HMS Exeter sinking after the Battle of the Java Sea, 1 March 1942. Photograph: US Navy Naval History and Heritage Command
Indonesia has refused to take the blame for the disappearance of at least six British and Dutch second world war shipwrecks that investigators believe were scavenged for scrap metal, arguing that it could not be expected to protect them.
Two Dutch warships that sank in 1942 in the Java Sea are completely gone, a third has large parts missing and three British ships and a US submarine have also been destroyed by illegal scrap metal scavengers. The UK Ministry of Defence has said it condemns the “unauthorised disturbance of any wreck containing human remains” and requested that Indonesian authorities take “appropriate action”.
Mystery as wrecks of three Dutch WWII ships vanish from Java seabed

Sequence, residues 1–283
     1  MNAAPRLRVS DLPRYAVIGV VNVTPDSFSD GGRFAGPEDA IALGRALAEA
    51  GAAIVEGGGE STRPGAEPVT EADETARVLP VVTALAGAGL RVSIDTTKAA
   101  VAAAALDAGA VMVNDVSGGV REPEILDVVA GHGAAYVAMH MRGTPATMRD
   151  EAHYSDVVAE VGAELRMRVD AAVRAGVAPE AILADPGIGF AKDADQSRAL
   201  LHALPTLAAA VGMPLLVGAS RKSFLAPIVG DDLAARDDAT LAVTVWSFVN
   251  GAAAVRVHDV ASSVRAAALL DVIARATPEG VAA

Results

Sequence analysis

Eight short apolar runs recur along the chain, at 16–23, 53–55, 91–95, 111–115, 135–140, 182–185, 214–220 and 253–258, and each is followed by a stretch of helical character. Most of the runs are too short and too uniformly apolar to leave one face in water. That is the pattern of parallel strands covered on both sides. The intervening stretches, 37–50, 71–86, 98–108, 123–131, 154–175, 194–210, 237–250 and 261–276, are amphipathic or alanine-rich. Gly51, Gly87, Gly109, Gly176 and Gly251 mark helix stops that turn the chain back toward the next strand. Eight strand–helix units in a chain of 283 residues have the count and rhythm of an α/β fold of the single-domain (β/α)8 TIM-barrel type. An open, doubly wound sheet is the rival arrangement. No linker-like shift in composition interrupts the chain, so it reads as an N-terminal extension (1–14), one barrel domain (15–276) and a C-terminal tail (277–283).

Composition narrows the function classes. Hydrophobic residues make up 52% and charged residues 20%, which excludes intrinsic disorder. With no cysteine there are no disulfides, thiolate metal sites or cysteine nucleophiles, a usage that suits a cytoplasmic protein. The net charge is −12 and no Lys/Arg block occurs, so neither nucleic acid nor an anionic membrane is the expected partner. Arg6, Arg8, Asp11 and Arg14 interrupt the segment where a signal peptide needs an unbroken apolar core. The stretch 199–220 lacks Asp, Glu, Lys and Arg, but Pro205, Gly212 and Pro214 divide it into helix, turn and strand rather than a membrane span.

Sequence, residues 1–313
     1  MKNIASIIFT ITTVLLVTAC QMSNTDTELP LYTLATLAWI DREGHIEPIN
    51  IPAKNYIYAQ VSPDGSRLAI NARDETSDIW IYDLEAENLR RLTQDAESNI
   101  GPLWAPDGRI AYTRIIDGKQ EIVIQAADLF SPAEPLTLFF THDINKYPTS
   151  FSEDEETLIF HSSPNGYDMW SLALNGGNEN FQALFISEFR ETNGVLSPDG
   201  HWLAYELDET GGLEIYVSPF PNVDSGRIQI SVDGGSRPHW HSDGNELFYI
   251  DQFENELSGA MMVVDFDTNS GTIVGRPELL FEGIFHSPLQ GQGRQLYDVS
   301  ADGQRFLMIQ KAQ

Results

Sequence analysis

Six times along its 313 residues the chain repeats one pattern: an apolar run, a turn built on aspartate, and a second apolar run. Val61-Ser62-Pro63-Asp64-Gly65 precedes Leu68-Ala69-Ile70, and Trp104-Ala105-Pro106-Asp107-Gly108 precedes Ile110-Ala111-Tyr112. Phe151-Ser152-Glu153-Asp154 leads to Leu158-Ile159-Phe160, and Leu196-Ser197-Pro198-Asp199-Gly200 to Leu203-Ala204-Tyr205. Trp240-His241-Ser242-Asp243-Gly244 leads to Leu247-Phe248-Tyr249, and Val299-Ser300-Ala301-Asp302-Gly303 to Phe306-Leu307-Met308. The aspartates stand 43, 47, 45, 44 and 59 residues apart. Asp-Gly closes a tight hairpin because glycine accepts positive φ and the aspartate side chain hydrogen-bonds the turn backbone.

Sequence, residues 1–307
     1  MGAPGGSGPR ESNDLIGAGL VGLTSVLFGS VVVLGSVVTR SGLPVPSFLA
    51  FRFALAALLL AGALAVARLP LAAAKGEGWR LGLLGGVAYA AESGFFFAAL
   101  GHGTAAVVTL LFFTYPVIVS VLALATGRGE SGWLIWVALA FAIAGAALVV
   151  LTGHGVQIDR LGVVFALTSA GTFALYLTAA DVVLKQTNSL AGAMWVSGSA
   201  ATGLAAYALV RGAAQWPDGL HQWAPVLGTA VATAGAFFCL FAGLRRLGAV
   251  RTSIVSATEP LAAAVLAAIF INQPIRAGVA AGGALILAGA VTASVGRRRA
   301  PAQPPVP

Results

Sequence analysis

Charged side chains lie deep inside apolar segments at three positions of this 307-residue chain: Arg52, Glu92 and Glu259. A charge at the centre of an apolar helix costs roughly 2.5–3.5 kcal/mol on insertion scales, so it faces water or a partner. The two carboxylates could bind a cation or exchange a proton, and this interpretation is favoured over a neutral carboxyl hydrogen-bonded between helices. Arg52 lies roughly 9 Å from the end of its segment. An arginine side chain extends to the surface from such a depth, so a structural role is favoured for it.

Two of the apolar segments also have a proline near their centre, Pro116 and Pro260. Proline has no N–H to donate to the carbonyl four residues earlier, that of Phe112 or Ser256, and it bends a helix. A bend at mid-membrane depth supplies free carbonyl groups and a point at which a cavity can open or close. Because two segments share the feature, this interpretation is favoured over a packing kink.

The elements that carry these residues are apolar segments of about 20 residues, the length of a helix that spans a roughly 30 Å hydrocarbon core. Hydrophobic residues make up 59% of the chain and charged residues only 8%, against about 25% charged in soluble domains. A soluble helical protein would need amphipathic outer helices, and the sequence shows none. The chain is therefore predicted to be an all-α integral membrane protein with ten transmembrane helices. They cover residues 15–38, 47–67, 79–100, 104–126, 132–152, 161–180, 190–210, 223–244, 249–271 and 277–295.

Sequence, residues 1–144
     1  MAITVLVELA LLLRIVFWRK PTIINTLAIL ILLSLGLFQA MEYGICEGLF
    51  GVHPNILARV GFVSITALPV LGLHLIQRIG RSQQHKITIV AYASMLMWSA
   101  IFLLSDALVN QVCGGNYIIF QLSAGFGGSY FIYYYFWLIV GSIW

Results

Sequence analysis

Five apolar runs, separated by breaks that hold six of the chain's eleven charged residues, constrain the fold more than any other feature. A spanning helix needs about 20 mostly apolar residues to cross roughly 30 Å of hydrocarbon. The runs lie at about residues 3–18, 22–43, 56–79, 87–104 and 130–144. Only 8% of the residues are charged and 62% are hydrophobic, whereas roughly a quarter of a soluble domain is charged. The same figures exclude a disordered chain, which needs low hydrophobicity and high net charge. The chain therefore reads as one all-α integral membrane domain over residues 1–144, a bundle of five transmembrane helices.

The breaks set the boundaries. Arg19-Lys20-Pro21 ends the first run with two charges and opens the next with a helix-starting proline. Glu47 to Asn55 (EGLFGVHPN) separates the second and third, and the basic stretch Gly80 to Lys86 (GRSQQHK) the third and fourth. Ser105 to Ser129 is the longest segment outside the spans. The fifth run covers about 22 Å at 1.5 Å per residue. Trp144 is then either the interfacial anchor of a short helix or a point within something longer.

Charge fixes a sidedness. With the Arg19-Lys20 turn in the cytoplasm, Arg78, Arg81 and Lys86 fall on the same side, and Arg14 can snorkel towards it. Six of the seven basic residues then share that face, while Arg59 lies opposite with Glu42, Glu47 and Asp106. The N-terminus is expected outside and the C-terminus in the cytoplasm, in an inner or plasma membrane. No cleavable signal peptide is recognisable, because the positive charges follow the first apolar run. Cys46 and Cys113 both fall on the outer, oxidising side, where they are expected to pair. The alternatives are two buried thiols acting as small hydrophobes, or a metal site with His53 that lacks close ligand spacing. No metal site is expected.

There are fears the sunken vessels off Indonesia, which are the graves of 2,200 people, may have been salvaged for metal
Bambang Budi Utomo, the head of the Indonesian National Archeological Centre, part of the education and culture ministry, said on Thursday that Indonesia could not be expected to protect the sites without assistance.
“The Dutch government cannot blame the Indonesian government because they never asked us to protect those ships. As there was no agreement or announcement, when the ships go missing, it is not our responsibility.”
British second world war shipwrecks in Java Sea destroyed by illegal scavenging
Exclusive: 3D mapping report of sea off Indonesia, seen by the Guardian, shows large holes in the seabed where ships used to be
Indonesia’s navy said the ships should not have been disturbed but it was not its responsibility to protect them. “The Indonesian navy cannot monitor all areas all the time,” navy spokesman Gig Jonias Mozes Sipasulta told Agence France-Presse. “If they ask why the ships are missing, I’m going to ask them back, why didn’t they guard the ships?”
Amateur divers discovered the long-lost wrecks of three Dutch ships in 2002, 60 years after they sank while in action against Japanese forces. However, an international expedition that sailed to the site to take video footage in preparation for next year’s 75th anniversary of the battle was shocked to discover that the wrecks had vanished.